By Christophe Adrien, Associate Writer, Wall Street Sector Selector
Not two weeks after the dramatic climax of a standoff between French Police and Mohamed Merah in which the latter was killed, another scare has gripped the French Capital. Rumors have emerged surrounding five killings (1), all carried out in a similar manner and with the same weapon. The so-called “serial killer” is currently under investigation, but this French renegade is no Zodiac killer. French authorities have not shied from speculating that the new killer-on-the-run is yet another self proclaimed muslim fundamentalist.
Amid multiple arrests of radical Islamic clerics (2), it would seem that France is in the throws of a clash of civilizations. On the one hand, the classically franco-catholic population is attempting to uphold the fundamental ideologies of the first French revolution. On the other hand, immigrants from the Middle East and Africa are seemingly importing new cultural values and a stricter attachment to their religious affiliations. The friction between these two populations is escalating rapidly and will likely influence the impending presidential election. Muslims will certainly not benefit from a continuing trend of radical Islamists to publicly threaten the general public (3).
Fears surrounding the recent escalation in violence by Muslim radicals is likely to push traditional French (NYSEARCA:EWQ) voters to vote conservative, hoping that a conservative government will work more diligently to expunge the recent increase in violence. Right-wing candidates, such as Marine LePen, have painted an ugly picture of the French Muslim population, siting that all Muslims have the capacity to turn radical and violent(4). LePen’s efforts to vilify muslims has gained her several percentage points in the polls, an indication of how intense the situation has become.
All of the facts being said, the true likely winner in all of this is current President Nicolas Sarkozy. Tough on immigration, tough on religious censorship, and a fervent defendant of the secular “Droits de L’Homme”, Sarkozy’s political message will likely attract those voters who fear the radicalization of Islam in France. Consequently, Sarkozy will have a greater chance of being re-elected, a prospect which Europe will need to prepare for in the near future. While Germany’s (NYSEARCA:EWG) Angela Merkel, among other European (NYSEARCA:VGK) leaders will breathe a sigh of relief at a Sarkozy re-election, they will no-doubt continue to have to put up with Sarkozy’s zealous xenophobic rhetoric which has preserved the bare crimson of his popularity in France. Unfortunately, this same rhetoric occasionally receives negative reviews from the markets.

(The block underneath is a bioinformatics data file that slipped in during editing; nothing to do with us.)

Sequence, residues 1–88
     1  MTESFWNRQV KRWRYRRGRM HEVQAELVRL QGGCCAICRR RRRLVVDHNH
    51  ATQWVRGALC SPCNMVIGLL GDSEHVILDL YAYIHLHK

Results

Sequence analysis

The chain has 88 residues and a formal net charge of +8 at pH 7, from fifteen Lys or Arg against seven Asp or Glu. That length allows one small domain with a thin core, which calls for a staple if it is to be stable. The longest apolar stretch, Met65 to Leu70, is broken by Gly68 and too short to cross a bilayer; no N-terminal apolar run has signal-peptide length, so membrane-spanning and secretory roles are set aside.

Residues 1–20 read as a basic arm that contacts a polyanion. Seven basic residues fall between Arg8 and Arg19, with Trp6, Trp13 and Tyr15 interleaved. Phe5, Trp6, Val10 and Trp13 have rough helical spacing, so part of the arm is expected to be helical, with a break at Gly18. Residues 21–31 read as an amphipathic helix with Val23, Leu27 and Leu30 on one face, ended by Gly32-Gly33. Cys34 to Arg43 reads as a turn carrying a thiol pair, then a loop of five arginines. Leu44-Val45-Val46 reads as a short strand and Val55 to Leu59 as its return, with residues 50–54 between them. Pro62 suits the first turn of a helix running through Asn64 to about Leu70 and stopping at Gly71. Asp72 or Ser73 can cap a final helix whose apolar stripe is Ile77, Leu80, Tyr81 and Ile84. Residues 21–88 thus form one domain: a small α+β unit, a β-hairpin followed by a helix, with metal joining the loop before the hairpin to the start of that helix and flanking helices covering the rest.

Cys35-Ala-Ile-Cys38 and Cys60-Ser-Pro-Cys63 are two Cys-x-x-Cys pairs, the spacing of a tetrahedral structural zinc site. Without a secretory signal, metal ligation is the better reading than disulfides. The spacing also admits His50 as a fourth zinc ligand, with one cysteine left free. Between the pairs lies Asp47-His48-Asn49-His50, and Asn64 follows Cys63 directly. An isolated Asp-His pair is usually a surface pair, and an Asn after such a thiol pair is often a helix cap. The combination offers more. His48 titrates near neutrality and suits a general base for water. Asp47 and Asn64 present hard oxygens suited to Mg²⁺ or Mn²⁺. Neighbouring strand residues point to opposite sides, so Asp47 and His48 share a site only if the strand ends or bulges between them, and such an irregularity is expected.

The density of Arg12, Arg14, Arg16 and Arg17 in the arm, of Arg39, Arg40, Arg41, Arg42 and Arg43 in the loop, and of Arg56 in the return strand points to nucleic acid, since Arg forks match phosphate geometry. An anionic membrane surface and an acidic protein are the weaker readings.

Bottom Line: France (NYSEARCA:EWQ) is experiencing social strife among its diverse minorities. This strife will likely sway the greater voter population to vote conservative which will have long-term economic results as a conservative leader in France could drastically change Eurozone politics. With the Eurozone stuck in a delicate balance between politics and what needs to be done, a change in French leadership could spell disaster for an already fragile political partnership among key Eurozone members.
Christophe Adrien is an associate writer for Wall Street Sector Selector. Born in California, Christophe Adrien spent his formative years in France. He attended university in Oregon and has earned a Master of Arts in Teaching degree from Oregon State University. At university, Christophe conducted extensive studies in the field of History, specializing in the political cultures of France and Russia. Christophe speaks English and French natively, is fluent in Spanish, and has experience with German, Russian, and Latin. Having traveled the globe extensively, Christophe has cultivated a unique view of the global economy, its origins, and the current state of global affairs.